A great and important California law is on the books. It may not sound like much to read but in real world application it is huge. After the court issues its initial judgment, such as granting a divorce or making a child custody determination, there has been no automatic right to discovery, which is the procedure by which one party can make the other party turn over evidence such as financial records or appear at a deposition. The law had been that you had to ask the judge’s permission, and the judge could deny the request.

This changes on January 1, 2015. The new Family Code section 218 grants an AUTOMATIC right to conduct post-judgment discovery on any issues raised in the new request for orders. Further, discovery is usually cut-off 30 days prior to the date set for the first hearing, but now for family law cases the 30 days floats forward for any continuance or trial setting.

This is a great victory for justice, and to assure that our clients have a full and meaningful day in court.

Skirting the Law Making Process

March 2014 was another great example of knee-jerk lawmakers being more interested in making a statement than making a workable law.

This was the month that the Massachusetts top court threw out a conviction against Michael Robertson for taking “upskirt” photos on a train. The law only applied to nude or partially nude victims. A person wearing a skirt is neither.

So the law needed to be changed. Good idea too. But in the rush to put a new law on the books only 24 hours later, lawmakers voted to prohibit secret pictures of “sexual or intimate parts.”

Good idea there too. Unfortunately, in the rush, they failed to realize this still does not impact upskirt photography if the subject is wearing underwear.

To view this vague terminology otherwise, secret photos at the beach are also prohibited. A bikini bottom is as revealing as most underwear (or more so). Or is a bikini bottom not showing something sexual or intimate? What about dancewear?

The difference is that the person wearing a skirt in public has a reasonable expectation of interior privacy above her hem. But there is a difference between “intimate parts” vs. “intimate wear”, and the new law failed to include the latter.

In their rush, the lawmakers failed to make the necessary change, and upskirters will still get their cases tossed out of court.

Great lawyering!

Undocumented immigrant Jose Munoz, 25, believed himself an ideal candidate for President Obama’s 2012 safe-harbor initiative for illegal-entry children, in that he had been brought to the U.S. by his undocumented parents before age 16, had no criminal record and had graduated from high school (with honors, even). Since then, however, he had remained at home in Sheboygan, Wis., assisting his family, doing odd jobs and, admittedly, just playing video games and “vegging.” Living “in the shadows,” he found it almost impossible to prove the final legal criterion: that he had lived continuously in the U.S. since graduation (using government records, payroll sheets, utility bills, etc.). After initial failures to convince immigration officials, Munoz’s lawyer succeeded — by submitting Munoz’s Xbox Live records, documenting that his computer’s Wisconsin location had been accessing video games, day after day, for years. [Journal Sentinel, 3-24-2013, as reported at]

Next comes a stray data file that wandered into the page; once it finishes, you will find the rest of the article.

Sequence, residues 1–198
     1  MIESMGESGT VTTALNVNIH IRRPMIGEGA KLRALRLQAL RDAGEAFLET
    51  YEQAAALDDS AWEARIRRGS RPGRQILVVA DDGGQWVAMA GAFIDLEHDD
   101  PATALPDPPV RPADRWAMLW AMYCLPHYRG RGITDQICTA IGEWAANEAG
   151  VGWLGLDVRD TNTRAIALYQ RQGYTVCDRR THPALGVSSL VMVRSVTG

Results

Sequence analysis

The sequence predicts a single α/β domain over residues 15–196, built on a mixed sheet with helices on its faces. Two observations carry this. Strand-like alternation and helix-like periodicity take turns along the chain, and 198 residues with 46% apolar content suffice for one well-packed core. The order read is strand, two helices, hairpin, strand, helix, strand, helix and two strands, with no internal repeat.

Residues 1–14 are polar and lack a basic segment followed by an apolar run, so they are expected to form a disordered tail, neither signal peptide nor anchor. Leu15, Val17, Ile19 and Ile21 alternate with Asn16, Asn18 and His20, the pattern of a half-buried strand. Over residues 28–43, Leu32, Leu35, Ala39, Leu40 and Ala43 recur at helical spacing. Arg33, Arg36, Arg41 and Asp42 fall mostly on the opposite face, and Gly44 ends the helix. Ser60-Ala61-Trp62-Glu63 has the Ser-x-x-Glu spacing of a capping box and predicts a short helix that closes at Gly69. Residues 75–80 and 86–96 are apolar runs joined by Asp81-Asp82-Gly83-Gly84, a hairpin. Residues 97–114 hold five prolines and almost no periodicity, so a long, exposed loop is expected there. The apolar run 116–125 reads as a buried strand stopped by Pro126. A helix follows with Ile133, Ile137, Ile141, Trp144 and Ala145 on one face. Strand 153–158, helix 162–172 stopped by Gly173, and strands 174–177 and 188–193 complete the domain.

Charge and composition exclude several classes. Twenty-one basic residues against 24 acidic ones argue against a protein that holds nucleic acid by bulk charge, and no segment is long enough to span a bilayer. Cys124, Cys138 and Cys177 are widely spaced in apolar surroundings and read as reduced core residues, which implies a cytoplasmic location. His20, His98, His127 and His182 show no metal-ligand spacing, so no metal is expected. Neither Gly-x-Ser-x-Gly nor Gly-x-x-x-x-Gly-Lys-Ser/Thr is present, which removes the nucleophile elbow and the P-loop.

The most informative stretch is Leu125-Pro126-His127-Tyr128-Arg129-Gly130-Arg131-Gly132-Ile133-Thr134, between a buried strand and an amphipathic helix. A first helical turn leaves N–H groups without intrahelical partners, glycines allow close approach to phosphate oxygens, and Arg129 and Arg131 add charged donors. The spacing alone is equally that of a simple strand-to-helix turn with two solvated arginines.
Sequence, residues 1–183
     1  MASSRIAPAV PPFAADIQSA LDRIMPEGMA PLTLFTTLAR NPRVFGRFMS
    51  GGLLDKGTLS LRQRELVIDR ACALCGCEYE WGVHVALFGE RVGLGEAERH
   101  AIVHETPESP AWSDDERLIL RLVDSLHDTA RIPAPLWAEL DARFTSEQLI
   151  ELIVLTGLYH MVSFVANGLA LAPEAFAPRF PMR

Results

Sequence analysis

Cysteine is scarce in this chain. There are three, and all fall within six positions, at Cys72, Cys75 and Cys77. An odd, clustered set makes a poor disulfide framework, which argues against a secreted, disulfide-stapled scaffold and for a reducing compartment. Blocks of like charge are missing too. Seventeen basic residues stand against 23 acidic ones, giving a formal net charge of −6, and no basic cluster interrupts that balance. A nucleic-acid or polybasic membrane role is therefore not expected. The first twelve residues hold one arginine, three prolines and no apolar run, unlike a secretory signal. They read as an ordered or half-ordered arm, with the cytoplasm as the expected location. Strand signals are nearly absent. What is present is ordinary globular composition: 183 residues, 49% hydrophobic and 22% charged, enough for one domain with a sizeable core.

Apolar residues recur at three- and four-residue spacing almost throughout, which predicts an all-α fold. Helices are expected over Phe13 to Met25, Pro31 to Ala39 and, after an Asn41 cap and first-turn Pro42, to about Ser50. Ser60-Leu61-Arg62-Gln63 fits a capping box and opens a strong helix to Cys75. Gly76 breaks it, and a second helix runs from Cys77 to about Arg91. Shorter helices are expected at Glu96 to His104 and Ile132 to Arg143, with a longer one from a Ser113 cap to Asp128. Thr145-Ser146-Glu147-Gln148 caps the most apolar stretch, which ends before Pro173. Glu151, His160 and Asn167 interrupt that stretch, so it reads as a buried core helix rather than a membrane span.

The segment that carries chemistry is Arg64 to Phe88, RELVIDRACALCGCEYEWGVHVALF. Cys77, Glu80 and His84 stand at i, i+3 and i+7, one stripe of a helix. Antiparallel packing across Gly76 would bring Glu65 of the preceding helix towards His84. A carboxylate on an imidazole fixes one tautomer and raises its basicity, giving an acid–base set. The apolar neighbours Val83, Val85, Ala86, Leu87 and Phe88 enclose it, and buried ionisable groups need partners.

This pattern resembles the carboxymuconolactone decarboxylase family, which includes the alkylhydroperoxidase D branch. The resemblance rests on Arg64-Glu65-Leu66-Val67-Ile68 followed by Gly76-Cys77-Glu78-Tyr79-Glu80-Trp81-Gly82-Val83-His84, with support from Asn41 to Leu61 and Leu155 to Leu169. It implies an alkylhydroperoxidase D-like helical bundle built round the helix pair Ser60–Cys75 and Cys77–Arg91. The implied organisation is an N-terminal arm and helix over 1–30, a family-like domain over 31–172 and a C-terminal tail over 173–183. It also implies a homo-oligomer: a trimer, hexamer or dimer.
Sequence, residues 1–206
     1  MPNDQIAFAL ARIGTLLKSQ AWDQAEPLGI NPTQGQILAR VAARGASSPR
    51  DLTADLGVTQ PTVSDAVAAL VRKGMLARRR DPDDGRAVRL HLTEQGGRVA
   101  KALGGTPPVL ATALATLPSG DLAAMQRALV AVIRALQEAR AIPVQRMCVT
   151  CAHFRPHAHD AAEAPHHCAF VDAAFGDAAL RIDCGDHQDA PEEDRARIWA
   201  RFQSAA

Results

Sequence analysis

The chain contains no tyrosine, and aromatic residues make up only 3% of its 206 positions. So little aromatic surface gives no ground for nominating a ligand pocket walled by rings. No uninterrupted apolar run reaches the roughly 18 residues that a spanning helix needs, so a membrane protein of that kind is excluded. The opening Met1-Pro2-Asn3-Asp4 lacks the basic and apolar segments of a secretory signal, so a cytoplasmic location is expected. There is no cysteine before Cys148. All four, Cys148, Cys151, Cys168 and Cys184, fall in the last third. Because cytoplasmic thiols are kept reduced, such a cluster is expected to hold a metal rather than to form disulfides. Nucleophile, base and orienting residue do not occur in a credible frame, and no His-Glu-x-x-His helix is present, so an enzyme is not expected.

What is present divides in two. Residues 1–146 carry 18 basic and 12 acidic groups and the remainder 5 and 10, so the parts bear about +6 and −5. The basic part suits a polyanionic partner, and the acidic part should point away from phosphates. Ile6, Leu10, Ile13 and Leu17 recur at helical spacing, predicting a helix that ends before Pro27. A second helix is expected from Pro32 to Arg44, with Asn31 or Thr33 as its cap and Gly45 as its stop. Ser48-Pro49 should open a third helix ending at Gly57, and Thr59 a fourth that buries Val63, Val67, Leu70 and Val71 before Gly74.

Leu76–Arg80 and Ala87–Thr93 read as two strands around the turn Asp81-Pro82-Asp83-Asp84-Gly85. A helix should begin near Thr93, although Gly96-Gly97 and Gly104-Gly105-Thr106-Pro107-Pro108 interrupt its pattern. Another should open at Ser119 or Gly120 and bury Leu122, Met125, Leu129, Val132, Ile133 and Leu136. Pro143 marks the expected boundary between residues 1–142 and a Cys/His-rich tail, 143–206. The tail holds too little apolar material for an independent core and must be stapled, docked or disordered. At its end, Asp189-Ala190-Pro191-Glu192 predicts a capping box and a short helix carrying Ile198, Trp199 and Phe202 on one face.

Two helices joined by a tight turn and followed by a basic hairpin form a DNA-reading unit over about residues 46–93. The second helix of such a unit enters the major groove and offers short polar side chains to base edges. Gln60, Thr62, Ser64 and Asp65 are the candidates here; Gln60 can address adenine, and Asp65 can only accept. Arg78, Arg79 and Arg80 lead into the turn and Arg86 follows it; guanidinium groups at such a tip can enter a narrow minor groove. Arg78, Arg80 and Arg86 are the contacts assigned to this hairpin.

Penalty for judicial corruption?

Our justice system faces no greater risk than corrupt judges. That is why we are shocked and saddened to learn there are still no criminal charges against Richard W. Stanford, Jr., an Orange County Superior Court judge who was removed from the bench for fixing parking tickets. While some may feel the loss of his job was punishment enough, it is not. How can it not be a crime for a judge to interfere with the administration of justice? How can corruption in a public official not be a crime? How can there be orange jumpsuits for so many pot smokers but not one tailor made for one who betrays the robes of his duty? In the private sector, should the penalty for embezzlement simply be you lose your job? How is it different where, as here, a judge stole money due to the county for traffic fines? Does it matter that he did not keep the money but gave it as a benefit to friends and family? It is worth noting that two of the tickets he allegedly fixed were for his church pastor. Well, the fact that his own pastor even made the request gives us a clue about how Judge Stanford gets his morals.

Tortfeastor of the Assumption

David Jimenez prayed regularly to a large crucifix outside the Church of St. Patrick in Newburgh, N.Y., based on his belief the crucifix was responsible for curing his wife’s cancer. He even got permission from the church to spruce up the structure, as befit its power. While clearning it, the 600-pound crucifix came loose and fell on Jimenez’s leg, which had to be amputated. Jimenez’s $3 million litigation against the archdiocese goes to trial in January.